Yes, the Buckeye State is a loudly and proudly a gridiron state, but that doesn't mean "The Heart of it All" doesn't know a thing about the round ball, either.
No, the sport doesn't quite hold the reverence here as it does in, say, our neighbor to the west, but the amount of talent produced on Ohio hardwoods can match up with just about anyone out there.
Ohio State has a long history of great in-state basketball players from Jerry Lucas to Jimmy Jackson to Jared Sullinger – with plenty of other studs in between – and the Buckeyes have been a player on the national basketball scene plenty of times throughout the program's history.
There are also programs with a lot of tradition scattered throughout the state, including in the southwest corner, where Cincinnati, Dayton and Xavier are serious about their hoops. Then, from Cleveland State's famous 1986 Sweet 16 run to Ohio University's similar run two years ago, a number of other programs have great teams and memorable moments to hang their hats on.
And every once in a while, those teams end up playing Ohio State in the NCAA Tournament. This will be the fifth time the Buckeyes match up against a foe from the Buckeye State in the NCAA Tournament, and each previous installment has been pretty memorable.
With OSU and Dayton set to tip things off this afternoon in Buffalo to open one of the best sports weekends of the year, we look back on some history when it comes to Ohio State and its in-state brethren in the Big Dance.
2012 Sweet 16, Ohio State 81, Cincinnati 66
The third-seeded Buckeyes broke through a barrier, getting past the Sweet 16 after losing in that round in two consecutive seasons, by overcoming a game Bearcats team by an 81-66 margin in Boston.
"I couldn't be happier for this team," head coach Thad Matta said. "If you would have told me in November this team was going to win 30 games, I would have said there's no way. And to their credit, they've done a great job of putting us in this position."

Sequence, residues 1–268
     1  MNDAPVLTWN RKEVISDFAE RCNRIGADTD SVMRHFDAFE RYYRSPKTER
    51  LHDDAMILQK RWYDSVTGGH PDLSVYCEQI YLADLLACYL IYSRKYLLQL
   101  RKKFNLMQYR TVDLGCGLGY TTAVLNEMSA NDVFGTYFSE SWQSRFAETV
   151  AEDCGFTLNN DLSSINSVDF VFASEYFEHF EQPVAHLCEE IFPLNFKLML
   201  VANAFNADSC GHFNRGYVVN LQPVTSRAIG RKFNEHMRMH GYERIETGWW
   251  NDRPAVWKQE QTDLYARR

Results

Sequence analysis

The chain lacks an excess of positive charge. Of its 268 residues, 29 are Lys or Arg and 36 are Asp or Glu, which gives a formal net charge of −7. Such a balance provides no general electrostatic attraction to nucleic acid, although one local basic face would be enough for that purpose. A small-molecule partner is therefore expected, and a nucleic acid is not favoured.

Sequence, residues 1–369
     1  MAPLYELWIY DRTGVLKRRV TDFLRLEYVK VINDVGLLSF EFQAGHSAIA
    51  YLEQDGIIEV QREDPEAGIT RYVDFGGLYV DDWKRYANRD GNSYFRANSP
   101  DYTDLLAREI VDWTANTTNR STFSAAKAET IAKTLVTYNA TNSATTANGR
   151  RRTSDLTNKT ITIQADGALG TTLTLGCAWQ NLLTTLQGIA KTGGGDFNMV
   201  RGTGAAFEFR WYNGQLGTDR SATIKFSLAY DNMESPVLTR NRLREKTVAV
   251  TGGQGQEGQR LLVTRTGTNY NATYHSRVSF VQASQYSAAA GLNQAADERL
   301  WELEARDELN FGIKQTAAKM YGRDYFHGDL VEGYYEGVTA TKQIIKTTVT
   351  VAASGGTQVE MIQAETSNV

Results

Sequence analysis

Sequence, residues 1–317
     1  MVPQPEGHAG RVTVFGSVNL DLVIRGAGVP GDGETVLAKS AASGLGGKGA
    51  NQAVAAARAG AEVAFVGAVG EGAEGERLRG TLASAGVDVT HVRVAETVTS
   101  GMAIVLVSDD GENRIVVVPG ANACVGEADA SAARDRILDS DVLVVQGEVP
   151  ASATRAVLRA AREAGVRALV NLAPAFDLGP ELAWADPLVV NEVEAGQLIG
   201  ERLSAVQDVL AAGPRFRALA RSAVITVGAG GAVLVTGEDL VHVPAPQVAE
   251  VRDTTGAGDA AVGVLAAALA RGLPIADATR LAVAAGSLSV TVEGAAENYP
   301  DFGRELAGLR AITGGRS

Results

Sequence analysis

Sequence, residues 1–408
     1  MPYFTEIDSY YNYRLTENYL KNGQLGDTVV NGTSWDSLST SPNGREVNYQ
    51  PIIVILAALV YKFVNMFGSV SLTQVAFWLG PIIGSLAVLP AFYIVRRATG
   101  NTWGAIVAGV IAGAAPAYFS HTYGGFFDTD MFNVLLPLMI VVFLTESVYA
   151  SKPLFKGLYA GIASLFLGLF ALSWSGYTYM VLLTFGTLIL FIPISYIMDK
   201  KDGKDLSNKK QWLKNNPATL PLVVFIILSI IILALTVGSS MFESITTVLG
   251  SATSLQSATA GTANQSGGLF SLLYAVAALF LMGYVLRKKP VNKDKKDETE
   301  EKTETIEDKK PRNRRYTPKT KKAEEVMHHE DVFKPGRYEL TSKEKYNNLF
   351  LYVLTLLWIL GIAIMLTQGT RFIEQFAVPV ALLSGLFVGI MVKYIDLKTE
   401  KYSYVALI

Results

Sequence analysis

The matchup between the two schools two hours away was just the 10th all-time and just the second in 50 years, but the helter-skelter Buckeyes emerged victorious, jumping out to a huge lead, giving it all away early in the second half and then pulling away again.
The Buckeyes led 37-25 at halftime behind 20 first-half points by Deshaun Thomas, who found plenty of room to operate in Cincinnati's zone defense, but the Bearcats switched to a man-to-man defense to begin the second half and ripped off a 19-6 run to open the stanza to take the lead.
Just when it looked like the Bearcats might pull away thanks to a 52-48 lead at the under-12 media timeout, Ohio State's defense stiffened. Cincinnati managed just one point on its next 10 possessions as the Buckeyes put together a 17-1 run that firmly tilted the scales back toward the Scarlet and Gray.
Aaron Craft put Ohio State ahead for good with a jumper that made it 53-52 with 10:23 to play, and back-to-back threes by Lenzelle Smith Jr. and Craft were part of a 10-0 run that finished off the Bearcats.
"We lost a lot of close games like this where some guys punched at us and we kept backing up," Craft said. "But from the Big Ten tournament on, we try to stand out ground as much as possible. We understand that these are great teams that are going to go on runs. It's going to happen. We just can't get too down on ourselves, try to stay as positive as possible, and it worked today."
Thomas finished with 24 points while Jared Sullinger had 23 to go with 11 rebounds. Smith made 7 of 8 shots – including 3 of 4 threes – and had 17 points, while Craft chipped in 11. OSU also forced 18 Cincinnati turnovers.
Cashmere Wright had 18 and Sean Kilpatrick 15 – including eight in a row early in the second half – to lead UC.
Ohio State would go on to beat top-seeded Syracuse two days later and advance to the Final Four in New Orleans.
2007 Round of 32, Ohio State 78, Xavier 71 (OT)
In a game that will almost assuredly never be forgotten in Buckeye lore, Ron Lewis made a huge three to send the game to overtime and top-seeded Ohio State used the momentum to down Xavier by a 78-71 score.
The Buckeyes – led by the Thad Five of Greg Oden, Mike Conley Jr., Daequan Cook, David Lighty and Othello Hunter as well as veterans Lewis, Ivan Harris and Jamar Butler – were never supposed to lose to the ninth-seeded Musketeers, but Thad Matta's former employer held a 62-59 lead with less than 10 seconds left and a chance to ice the game from the free-throw line.